Meanwhile, William talked about how much of a role model the Queen had been, explaining, “Growing up, having this figurehead, having this stability above me has been incredible. I have been able to explore, understand [and] slightly carve my own path. I greatly appreciate and value that protection.”
And Eugenie chose to speak about what the Queen was like at arguably the monarch’s favorite place: Balmoral in Scotland. The princess said, “I think Granny is the most happy there. I think she really, really loves the Highlands. Walks, picnics, dogs – a lot of dogs, there’s always dogs! – and people coming in and out all the time.”
One of those people going to and from Balmoral may be the Queen’s oldest grandchild: Peter Phillips. He’s the one whom the media sometimes refers to as “the Queen’s favorite.” And, in fact, he was the first grandchild she met. Peter was born in 1977 to Anne and her then-husband Mark Phillips.
Despite not having a title, Peter had an extremely happy childhood and enjoyed a very close relationship with his grandmother. He told Good Morning Britain in January 2016, “We had great fun growing up on our holidays, going to stay with her at Sandringham, Balmoral and Windsor. And we were incredibly lucky to be able to share a lot of our childhood time with her.”
“She’s such an inspiration – not only to the country but to us as a family,” Peter went on. “You know, her work ethic and her dedication is something that I think the whole family has always inspired to at least get somewhere near.” When one of the interviewers asked what he called the Queen, Peter responded that his name for her was “Granny,” like most people called their grandmother.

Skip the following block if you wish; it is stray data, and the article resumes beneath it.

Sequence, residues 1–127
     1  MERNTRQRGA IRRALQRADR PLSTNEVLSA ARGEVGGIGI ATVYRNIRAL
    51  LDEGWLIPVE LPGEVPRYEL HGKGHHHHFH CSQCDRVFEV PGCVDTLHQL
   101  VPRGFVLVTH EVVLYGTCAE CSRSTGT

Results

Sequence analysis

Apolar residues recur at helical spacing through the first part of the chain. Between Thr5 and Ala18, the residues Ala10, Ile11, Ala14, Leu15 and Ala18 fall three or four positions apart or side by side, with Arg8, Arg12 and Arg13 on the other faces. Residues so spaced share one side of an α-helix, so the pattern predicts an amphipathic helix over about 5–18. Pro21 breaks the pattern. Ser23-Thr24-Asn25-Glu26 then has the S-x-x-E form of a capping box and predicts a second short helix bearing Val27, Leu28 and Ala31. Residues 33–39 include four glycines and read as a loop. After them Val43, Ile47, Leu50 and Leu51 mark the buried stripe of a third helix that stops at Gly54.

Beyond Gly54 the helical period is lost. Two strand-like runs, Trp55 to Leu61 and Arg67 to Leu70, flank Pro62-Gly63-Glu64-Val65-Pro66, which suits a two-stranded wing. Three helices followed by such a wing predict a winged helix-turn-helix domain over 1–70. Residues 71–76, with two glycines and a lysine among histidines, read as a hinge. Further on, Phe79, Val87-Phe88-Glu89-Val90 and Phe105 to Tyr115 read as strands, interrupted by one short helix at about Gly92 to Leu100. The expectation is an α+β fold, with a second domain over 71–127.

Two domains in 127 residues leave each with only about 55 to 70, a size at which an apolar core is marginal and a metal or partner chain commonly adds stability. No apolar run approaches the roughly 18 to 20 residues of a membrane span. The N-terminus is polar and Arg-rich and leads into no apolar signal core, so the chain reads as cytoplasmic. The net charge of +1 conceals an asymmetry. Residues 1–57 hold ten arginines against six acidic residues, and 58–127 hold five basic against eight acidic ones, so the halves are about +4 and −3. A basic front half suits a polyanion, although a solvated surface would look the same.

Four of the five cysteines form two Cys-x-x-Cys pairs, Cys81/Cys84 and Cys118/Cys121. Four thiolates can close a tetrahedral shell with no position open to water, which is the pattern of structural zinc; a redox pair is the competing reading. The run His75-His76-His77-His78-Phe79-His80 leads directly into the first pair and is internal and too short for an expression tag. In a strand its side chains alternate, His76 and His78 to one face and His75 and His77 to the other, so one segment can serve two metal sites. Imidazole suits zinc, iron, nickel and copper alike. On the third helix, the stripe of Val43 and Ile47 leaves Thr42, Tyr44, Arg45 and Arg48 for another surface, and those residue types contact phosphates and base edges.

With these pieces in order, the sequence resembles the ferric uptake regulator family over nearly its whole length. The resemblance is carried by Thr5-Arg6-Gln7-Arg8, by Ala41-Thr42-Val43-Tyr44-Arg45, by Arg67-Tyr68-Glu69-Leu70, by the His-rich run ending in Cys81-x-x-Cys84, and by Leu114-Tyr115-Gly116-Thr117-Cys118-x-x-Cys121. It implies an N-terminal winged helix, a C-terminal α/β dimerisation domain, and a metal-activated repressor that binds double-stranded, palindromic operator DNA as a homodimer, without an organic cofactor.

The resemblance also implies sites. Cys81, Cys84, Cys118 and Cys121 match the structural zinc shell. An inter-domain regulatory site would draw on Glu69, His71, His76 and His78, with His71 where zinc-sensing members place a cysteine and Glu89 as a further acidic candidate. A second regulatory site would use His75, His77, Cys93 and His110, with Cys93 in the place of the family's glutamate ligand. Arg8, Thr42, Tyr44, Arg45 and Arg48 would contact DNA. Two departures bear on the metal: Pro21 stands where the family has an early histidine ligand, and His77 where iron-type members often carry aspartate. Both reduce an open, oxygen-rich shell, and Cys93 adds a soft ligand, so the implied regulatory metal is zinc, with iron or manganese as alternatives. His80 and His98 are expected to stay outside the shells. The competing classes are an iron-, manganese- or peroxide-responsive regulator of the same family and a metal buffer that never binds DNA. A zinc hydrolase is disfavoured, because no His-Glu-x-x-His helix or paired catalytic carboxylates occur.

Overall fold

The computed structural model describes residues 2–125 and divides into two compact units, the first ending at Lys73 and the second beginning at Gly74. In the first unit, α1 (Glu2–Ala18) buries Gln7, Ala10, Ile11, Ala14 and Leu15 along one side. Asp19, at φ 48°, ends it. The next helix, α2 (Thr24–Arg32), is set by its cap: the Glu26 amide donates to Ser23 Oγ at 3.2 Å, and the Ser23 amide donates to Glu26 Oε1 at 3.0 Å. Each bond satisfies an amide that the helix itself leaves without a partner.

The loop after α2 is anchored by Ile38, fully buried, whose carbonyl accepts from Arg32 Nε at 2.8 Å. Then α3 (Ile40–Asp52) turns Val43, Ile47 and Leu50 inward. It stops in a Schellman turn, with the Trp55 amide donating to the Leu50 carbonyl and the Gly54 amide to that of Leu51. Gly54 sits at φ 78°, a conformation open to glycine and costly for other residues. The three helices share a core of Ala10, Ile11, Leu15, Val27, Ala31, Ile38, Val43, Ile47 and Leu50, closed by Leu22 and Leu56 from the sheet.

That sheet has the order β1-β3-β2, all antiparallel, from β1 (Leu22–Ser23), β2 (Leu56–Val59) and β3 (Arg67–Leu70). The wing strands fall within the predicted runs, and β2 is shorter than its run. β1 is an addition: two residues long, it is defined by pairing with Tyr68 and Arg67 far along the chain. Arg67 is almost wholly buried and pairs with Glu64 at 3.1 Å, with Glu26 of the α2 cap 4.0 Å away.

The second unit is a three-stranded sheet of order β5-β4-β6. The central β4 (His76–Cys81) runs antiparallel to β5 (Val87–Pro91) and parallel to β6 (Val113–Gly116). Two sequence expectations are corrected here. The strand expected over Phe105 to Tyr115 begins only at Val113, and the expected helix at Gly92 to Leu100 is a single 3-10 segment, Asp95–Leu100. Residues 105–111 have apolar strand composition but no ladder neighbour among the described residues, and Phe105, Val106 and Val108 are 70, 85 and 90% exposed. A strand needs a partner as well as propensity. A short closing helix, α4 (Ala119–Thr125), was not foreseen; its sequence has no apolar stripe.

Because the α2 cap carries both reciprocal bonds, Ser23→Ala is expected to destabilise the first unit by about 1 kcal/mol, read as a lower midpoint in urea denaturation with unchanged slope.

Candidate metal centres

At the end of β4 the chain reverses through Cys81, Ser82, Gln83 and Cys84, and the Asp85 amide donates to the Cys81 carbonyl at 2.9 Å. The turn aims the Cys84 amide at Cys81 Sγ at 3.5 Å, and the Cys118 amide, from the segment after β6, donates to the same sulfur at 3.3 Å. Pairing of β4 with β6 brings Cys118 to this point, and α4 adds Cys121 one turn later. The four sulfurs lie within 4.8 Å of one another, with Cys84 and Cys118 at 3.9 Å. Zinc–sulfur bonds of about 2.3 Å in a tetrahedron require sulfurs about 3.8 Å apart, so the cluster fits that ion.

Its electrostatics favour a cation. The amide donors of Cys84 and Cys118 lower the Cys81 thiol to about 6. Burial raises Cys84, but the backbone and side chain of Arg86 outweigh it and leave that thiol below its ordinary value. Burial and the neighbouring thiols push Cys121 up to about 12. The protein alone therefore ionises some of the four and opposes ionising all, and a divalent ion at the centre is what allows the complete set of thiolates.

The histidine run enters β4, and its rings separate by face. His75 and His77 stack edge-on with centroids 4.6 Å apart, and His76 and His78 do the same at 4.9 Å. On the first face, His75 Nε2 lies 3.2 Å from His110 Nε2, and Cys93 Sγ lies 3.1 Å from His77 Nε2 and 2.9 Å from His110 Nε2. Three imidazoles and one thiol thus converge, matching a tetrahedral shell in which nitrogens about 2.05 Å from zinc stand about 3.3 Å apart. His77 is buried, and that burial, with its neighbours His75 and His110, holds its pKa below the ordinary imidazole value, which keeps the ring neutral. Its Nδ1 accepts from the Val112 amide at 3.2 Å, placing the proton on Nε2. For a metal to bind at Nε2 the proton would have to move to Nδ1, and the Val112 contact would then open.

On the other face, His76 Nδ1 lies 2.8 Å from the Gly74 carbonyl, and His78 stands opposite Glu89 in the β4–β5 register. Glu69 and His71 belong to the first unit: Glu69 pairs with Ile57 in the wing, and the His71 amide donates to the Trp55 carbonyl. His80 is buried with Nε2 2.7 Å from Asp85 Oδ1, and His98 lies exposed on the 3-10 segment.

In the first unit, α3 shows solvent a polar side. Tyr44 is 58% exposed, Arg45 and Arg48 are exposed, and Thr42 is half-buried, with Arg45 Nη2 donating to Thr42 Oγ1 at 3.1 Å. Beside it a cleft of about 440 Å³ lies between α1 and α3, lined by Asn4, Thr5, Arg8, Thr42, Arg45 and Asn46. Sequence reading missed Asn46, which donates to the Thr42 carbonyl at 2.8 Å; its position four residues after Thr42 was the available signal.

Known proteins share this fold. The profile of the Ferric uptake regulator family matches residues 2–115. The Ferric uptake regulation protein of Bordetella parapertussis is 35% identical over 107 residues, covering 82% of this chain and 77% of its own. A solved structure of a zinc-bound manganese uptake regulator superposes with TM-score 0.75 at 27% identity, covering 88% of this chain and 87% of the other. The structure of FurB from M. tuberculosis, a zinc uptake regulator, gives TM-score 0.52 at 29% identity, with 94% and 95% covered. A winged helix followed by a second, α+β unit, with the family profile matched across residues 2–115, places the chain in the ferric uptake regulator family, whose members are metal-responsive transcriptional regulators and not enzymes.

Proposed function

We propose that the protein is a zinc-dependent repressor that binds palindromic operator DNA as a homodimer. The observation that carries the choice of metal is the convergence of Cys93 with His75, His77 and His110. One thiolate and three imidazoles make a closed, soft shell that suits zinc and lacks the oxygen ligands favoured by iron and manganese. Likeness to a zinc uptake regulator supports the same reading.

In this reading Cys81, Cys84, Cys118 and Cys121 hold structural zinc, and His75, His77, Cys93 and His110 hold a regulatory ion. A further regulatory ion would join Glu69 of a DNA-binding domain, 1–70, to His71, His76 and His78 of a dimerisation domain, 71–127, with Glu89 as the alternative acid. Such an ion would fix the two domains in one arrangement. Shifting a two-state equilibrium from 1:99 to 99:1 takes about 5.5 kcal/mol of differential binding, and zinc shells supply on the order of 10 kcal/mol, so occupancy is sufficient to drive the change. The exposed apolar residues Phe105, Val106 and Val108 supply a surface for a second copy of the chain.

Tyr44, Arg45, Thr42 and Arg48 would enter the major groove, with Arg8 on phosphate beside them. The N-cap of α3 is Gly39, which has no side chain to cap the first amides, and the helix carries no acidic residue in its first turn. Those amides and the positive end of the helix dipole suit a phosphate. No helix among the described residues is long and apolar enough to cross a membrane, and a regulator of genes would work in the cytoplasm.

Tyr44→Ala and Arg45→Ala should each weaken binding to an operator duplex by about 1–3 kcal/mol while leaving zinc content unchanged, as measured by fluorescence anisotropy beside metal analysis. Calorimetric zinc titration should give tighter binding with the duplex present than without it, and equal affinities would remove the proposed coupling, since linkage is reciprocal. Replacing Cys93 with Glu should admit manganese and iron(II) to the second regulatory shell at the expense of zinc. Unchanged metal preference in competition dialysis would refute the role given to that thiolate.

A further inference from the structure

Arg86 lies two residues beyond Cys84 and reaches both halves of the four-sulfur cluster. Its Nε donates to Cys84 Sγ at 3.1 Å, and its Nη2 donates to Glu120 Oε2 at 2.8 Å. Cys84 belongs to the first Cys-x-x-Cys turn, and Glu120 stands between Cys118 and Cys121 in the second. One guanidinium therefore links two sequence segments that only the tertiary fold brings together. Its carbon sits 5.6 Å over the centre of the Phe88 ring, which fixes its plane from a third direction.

William, too, used to call the Queen “Granny” – even if at one time he couldn’t pronounce the word. According to royal correspondent Richard Kay, a visitor once overheard the young William crying out “Gary, Gary” after taking a tumble at Buckingham Palace. Then, when the interloper asked who Gary was, the Queen had to explain that William hadn’t yet grasped the complexities of saying “Granny.”
Peter also revealed that the Queen let her grandchildren have fun when they were young. He said, referring to other relatives, “There was a lot of space for kids to run around in, and it wasn’t just us, it was [William and Harry], Freddie and Ella Windsor and the Gloucesters. So there was quite a gang of us growing up in that age, and it was a lot of fun. We caused quite a bit of mayhem and chaos but fortunately I don’t think we broke too much.”
However, it’s likely the Queen would have forgiven any breakages because she forgave Peter for a major breach of protocol back in 2008. The scandal involved Peter’s wedding to Canadian consultant Autumn Kelly and a £500,000 deal with Hello! magazine that involved photos of both them and the Queen.
Pictures of the wedding – including some of the Queen in attendance – were published in the magazine without her knowledge. She was reportedly cross about it, and politicians jumped to condemn the incident. Labour MP Ian Gibson told The Daily Telegraph, “The British public would expect the Queen to rise above being pictured in the pages of Hello!. She is the Queen, not a footballer’s wife.”
Others went even further in expressing their outrage. A headline from the London Evening Standard announced, “Peter Phillips’ Hello! wedding to Autumn was grasping, vulgar and so damaging to the Queen.” The article continued, referring to the British super-couple David and Victoria Beckham, “It seems almost beyond belief that the Queen’s grandson should have sold the rights to his wedding in a manner we expect from Becks and Posh.”